Located across the street from Java, is a parking lot.  We learned at Java that bicycling is the most popular form of transportation and saw evidence of that in the parking lot with bicyclists there meeting others.  We also saw people parking there to walk the town. While in the area, make sure to see these fascinating historical places: Mooresville Brick Church, Mooresville Church of Christ, Mooresville Stagecoach Inn and Tavern and Post Office that the residents have worked hard to preserve.

Mooresville Brick Church is located on Lauderdale St. The church property was donated by Governor Thomas Bibb and his wife with designation for a church to be built. The church was build in Greek Revival style and completed in 1839. The steeple is unique, depicting a hand pointing towards Heaven. The church served as a worship location for Cumberland Presbyterian, Methodists and Baptists. It was deconsecration by the Methodists in 1994 and handed over to the town to be used for weddings and photo shoots.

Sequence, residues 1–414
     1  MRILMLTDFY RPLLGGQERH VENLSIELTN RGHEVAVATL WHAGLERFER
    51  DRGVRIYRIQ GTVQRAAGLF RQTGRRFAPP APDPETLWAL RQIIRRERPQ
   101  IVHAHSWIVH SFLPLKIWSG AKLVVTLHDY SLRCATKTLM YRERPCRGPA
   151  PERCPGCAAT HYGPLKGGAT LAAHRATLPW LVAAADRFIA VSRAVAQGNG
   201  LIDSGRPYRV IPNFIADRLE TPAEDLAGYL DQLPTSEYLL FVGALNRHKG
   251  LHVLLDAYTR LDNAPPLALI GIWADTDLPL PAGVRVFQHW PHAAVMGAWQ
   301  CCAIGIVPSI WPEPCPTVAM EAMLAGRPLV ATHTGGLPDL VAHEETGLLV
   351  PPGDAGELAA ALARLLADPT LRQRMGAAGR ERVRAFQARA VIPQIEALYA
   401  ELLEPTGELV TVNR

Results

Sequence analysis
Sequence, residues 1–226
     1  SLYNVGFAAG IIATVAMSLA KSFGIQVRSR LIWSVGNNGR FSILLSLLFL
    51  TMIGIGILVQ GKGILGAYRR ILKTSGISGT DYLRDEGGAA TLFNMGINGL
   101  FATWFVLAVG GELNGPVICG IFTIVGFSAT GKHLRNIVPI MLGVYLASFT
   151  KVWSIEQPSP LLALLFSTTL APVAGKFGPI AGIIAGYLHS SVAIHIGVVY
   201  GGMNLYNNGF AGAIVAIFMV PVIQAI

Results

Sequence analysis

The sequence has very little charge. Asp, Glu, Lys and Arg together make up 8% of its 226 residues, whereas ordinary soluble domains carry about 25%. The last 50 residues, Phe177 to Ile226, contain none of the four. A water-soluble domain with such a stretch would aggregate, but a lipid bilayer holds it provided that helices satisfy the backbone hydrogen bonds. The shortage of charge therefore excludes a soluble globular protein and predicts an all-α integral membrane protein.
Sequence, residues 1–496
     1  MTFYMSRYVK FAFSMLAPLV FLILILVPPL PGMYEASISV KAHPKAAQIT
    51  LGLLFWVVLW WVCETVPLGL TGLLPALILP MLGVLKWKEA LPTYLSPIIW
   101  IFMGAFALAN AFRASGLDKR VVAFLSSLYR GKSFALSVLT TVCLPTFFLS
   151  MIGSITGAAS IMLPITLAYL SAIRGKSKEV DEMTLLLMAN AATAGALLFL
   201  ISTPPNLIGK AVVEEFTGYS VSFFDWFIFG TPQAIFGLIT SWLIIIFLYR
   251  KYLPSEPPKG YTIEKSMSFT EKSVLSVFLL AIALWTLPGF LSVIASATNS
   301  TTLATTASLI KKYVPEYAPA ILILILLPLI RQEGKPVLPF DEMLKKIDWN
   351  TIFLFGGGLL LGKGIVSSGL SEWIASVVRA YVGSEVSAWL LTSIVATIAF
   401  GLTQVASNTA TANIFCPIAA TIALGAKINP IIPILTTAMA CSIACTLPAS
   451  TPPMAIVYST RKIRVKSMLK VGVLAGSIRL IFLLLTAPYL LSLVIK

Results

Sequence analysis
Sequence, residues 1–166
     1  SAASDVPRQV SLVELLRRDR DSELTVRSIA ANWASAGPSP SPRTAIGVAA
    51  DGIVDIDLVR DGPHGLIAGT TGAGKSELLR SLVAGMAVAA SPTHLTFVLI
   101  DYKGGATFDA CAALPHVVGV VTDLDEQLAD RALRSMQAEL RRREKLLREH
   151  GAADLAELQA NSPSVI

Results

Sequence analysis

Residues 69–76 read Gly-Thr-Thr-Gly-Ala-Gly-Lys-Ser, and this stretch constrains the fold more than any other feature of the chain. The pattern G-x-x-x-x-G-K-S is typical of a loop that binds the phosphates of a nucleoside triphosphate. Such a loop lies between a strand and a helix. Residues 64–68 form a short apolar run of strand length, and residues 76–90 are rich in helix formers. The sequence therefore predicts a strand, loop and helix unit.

Mooresville Brick Church.Moorseville Brick Church Steeple

Mooresville Church of Christ is located on Market Street on land that was bought in 1851 for $20.00.  It was first built in 1854 with additions added in the 1930’s to add space to the church.  It is a white clapboard church built in a more modest Greek Revival style.  It has a storied past and has managed to survive without ever having a full time preacher.  The first Christian of Moorseville, J. H. Hundley, was baptized in this church, it survived yellow fever outbreaks nearby and the Civil War.  This is also the church where James Garfield, the 20th president of the U.S., preached once during the Civil War.  Today, the church receives help from nearby churches to remain open.